Monday, September 12, 2011

Tracking the Warning Signs: High School Dropouts

Every year, nearly one quarter of high school students (approximately 1 million students) in the United States fail to graduate on time; and close to 5 million young adults ages 18 to 24 currently lack a high school diploma. Recent progress on increasing graduation rates has stalled, and while the drop-out rate has not changed significantly, a recent report by the Education Commission of the States (ECS) notes that what makes current graduation rates alarming is the reality of the new U.S. economy. The report states that it is practically impossible for individuals lacking a high school diploma to earn a living or participate meaningfully in civic life. If the current trends continue, nearly 13 million students will drop-out of high school over the next decade, costing the U.S. $3 trillion.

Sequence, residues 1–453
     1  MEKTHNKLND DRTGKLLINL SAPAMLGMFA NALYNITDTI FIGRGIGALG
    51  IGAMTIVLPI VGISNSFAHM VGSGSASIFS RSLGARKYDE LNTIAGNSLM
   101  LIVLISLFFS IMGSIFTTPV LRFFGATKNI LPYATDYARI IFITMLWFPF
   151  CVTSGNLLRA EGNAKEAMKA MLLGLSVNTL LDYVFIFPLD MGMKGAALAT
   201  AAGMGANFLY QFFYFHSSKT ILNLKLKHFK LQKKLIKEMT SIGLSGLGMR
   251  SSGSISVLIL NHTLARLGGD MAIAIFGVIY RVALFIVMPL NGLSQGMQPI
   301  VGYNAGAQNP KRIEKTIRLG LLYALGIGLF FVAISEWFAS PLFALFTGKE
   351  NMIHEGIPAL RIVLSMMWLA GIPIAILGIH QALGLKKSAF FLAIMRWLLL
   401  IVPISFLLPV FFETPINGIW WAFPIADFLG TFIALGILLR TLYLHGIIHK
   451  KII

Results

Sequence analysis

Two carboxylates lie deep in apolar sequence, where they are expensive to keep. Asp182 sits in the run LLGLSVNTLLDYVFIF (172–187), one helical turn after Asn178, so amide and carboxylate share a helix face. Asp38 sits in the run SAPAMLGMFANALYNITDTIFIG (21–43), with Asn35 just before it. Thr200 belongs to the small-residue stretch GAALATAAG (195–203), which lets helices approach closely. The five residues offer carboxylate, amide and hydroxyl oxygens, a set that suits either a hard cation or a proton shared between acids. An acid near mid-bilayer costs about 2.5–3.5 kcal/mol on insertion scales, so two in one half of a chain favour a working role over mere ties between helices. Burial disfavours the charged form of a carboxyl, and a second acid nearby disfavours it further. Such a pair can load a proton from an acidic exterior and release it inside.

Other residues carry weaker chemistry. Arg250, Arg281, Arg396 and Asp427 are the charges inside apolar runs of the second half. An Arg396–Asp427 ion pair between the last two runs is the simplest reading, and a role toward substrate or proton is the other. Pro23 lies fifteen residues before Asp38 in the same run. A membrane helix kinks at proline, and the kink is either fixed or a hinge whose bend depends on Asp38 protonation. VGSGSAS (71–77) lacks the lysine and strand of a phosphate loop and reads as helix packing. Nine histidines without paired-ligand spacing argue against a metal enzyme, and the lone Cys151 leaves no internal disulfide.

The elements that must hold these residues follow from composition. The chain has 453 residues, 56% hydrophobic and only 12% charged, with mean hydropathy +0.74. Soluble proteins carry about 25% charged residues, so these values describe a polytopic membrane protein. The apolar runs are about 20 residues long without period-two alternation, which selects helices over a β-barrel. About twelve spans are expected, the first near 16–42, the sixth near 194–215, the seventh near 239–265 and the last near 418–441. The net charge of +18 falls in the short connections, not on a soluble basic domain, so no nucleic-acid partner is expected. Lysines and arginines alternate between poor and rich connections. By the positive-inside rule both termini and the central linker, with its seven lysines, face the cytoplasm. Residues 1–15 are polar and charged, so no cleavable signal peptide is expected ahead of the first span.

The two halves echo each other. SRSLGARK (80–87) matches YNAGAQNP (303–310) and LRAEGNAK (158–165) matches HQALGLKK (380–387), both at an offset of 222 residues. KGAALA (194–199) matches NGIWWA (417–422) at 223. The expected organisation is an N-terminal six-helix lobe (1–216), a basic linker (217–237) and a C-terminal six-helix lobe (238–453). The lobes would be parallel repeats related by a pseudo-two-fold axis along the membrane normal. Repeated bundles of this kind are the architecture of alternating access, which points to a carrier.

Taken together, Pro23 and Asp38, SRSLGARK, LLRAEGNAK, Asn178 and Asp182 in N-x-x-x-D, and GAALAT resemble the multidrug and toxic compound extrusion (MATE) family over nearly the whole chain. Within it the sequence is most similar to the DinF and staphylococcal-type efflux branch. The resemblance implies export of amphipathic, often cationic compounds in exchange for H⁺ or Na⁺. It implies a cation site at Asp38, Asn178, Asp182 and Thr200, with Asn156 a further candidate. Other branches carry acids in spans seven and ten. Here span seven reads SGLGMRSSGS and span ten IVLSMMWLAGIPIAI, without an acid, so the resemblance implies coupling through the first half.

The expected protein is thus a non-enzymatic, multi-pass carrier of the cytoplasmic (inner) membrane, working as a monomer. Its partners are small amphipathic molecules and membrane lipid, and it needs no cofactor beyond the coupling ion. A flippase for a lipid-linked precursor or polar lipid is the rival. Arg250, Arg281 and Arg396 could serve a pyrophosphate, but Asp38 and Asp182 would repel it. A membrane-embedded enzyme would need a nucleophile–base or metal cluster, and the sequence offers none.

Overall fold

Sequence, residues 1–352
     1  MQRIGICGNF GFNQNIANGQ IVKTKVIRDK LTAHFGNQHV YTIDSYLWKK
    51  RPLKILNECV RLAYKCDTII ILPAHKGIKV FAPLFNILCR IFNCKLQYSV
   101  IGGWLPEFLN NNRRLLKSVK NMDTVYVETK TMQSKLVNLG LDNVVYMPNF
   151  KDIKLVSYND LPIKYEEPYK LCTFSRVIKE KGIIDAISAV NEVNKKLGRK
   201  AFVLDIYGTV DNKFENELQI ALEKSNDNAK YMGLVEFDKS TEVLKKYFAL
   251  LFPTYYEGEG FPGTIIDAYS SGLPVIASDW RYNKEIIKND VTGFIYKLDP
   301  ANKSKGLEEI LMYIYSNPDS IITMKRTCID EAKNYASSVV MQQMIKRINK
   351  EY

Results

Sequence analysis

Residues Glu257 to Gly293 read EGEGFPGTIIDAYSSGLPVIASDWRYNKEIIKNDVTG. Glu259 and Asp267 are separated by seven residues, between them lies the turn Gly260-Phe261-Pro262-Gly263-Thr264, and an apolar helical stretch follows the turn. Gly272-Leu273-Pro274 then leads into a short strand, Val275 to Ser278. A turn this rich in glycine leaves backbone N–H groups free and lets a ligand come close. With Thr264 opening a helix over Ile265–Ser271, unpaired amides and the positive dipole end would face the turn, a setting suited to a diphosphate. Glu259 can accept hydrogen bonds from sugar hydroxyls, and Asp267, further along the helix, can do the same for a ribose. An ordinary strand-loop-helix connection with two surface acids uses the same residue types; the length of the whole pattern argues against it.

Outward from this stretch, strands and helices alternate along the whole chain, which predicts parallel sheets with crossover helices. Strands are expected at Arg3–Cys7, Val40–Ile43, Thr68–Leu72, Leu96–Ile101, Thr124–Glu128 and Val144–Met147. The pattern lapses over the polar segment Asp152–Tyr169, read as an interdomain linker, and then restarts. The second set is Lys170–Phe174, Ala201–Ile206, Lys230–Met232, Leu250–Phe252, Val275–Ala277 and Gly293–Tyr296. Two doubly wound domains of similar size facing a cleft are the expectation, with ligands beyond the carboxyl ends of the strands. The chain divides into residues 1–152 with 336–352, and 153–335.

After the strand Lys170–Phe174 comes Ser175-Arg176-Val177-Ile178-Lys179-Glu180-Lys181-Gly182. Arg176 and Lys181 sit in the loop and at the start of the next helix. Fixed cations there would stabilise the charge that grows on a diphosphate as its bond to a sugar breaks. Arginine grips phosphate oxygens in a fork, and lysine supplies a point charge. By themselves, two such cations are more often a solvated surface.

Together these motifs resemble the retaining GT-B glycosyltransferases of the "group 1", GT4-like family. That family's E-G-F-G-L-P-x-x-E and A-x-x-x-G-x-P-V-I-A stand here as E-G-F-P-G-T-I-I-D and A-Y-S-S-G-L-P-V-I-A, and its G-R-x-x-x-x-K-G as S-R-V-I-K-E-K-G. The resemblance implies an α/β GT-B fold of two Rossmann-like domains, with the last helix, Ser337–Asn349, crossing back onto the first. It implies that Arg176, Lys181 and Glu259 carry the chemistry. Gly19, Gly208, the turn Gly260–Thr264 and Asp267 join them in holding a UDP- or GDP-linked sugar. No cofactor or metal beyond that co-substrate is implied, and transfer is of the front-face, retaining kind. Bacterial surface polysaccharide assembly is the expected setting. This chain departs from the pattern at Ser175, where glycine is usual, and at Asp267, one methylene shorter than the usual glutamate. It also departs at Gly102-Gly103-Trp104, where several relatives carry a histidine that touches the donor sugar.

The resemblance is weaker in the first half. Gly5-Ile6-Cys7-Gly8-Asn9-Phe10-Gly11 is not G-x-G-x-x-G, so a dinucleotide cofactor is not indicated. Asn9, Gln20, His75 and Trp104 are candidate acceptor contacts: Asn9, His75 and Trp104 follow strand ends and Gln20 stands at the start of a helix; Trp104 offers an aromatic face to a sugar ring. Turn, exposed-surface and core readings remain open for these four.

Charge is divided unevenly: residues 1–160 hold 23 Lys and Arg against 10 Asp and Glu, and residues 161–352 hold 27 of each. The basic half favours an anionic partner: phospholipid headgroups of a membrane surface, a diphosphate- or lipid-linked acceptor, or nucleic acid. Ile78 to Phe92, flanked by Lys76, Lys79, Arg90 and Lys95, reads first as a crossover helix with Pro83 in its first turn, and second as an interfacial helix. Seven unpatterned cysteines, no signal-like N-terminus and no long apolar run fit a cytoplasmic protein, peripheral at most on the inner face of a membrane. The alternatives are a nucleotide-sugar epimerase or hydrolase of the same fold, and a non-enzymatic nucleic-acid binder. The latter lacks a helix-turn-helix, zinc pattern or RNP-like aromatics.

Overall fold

These trends have led to an increased focus on improving high school graduation rates by both educators and policymakers. Several states have started tracking, reviewing, and establishing trends that amount to warning signs that a young person is on the path to dropping-out of school. The ECS report highlights these efforts and summarizes the statewide early warning indicator systems in Louisiana, South Carolina, Alabama and the Philadelphia Public Schools district-wide system.

For results-based policy strategies to increase high school completion, visit